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Conventional reefers no longer sailing, but reefer container market not simple

Due to the age of conventional reefer ships, 30 years on average, more and more ships will be taken off of the water in the coming year. Last year the company formerly known as Lloyd scrapped 24 reefer ships, the largest amount since 2012. This was mentioned by Dynamar in a recent report. Special reefer container ships will take over the transport. Keeping reefer container ships afloat isn't easy, as the example of Seatrade shows.

The market share of fruit and vegetables in sea transport is estimated to be almost 4%. Statistics show that 2015 was a year in which the trade shrank by 2% in volume. That year 144.4 million tonnes of perishable goods were shipped over the seas. In the year after, 2016, there was a growth of 3.5%. This trend continued in 2017 with a growth of 4%.

At the start of 2017 Seatrade started up a container service between Northern Europe and New Zealand via the west coast of South America. Six of the new ships (2,300 TEU/650-770 plugs) were to sail on this service. Although the containers weren't new for Seatrade, the project didn't go as planned. In July the service combined with those of partners CMA CGM and Marfret and a number of other changes followed before the end of the year.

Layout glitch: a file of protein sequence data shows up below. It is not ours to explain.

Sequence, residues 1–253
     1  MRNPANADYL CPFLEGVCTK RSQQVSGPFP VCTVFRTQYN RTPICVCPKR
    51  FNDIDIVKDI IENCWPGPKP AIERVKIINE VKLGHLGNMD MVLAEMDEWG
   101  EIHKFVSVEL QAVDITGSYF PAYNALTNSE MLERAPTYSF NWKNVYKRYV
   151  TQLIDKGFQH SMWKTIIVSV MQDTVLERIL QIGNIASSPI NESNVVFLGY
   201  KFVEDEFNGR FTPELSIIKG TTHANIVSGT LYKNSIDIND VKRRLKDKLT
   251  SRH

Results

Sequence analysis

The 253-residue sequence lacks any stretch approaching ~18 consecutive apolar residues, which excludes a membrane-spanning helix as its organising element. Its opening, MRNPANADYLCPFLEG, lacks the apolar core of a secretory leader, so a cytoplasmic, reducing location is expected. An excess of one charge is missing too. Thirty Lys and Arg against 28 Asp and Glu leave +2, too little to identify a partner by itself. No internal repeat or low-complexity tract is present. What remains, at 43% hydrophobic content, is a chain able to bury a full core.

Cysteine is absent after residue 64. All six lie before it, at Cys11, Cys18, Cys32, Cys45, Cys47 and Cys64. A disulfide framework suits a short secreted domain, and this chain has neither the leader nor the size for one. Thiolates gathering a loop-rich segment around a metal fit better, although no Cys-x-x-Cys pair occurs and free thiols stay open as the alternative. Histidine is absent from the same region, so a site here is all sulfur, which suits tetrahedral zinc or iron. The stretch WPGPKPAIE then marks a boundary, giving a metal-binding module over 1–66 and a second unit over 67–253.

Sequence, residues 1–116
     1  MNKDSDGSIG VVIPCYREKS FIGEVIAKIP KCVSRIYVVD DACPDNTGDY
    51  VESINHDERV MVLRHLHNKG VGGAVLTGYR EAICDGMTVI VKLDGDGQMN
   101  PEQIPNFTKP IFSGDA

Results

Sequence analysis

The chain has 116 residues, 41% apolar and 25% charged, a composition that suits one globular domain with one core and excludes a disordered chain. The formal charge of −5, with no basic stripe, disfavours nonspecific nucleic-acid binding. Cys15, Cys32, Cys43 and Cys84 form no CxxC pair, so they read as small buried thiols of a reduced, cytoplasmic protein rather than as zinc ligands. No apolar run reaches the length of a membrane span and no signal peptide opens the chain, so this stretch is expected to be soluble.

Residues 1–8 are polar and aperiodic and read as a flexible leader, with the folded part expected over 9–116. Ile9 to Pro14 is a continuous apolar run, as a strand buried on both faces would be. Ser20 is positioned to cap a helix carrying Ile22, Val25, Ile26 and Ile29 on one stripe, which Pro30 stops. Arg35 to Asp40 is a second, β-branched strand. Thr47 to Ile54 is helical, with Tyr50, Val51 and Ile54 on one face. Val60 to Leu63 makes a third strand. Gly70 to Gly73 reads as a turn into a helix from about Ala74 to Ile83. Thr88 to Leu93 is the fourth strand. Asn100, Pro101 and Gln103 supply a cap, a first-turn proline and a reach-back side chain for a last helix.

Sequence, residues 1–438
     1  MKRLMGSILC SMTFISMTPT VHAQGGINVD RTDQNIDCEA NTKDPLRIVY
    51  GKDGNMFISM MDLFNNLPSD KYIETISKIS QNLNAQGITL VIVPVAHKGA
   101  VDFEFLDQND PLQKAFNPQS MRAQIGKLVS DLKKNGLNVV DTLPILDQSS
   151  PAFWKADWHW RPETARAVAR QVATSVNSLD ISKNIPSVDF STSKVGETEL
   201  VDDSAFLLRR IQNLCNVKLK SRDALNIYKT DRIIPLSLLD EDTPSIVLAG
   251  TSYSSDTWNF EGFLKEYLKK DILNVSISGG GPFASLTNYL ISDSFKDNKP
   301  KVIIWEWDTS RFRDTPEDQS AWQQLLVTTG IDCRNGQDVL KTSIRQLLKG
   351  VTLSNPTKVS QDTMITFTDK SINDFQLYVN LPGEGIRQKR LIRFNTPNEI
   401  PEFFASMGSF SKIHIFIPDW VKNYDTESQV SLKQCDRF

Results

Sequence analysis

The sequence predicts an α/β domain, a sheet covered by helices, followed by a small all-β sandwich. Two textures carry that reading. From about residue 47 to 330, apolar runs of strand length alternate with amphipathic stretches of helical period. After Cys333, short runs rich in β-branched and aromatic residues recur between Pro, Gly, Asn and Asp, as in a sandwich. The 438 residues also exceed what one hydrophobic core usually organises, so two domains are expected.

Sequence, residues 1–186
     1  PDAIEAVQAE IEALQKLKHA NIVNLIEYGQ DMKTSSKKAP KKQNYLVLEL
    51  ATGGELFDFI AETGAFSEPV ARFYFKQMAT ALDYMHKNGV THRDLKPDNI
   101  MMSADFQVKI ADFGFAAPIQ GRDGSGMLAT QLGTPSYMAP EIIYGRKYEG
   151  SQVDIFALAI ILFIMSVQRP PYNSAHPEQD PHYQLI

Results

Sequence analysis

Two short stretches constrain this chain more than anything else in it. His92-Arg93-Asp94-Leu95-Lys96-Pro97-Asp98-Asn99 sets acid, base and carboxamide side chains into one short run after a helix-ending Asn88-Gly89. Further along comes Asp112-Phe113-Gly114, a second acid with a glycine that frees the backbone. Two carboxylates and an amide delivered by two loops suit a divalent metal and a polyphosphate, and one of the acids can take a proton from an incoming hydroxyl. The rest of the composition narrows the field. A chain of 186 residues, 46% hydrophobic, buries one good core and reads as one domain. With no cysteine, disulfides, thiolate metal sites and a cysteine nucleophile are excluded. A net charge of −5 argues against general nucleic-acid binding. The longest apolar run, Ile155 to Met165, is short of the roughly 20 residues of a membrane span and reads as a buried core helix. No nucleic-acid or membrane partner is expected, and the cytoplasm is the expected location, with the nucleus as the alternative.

Although this example shows that it isn't always successful, the market is moving unperturbed towards reefer containers. Until October last year there were 130,000 TEO reefer containers built. Due to the age of the conventional reefer fleet globally, and the fact that no new orders have been placed for conventional reefers, Dynamar concludes that this fleet will shrink further. 

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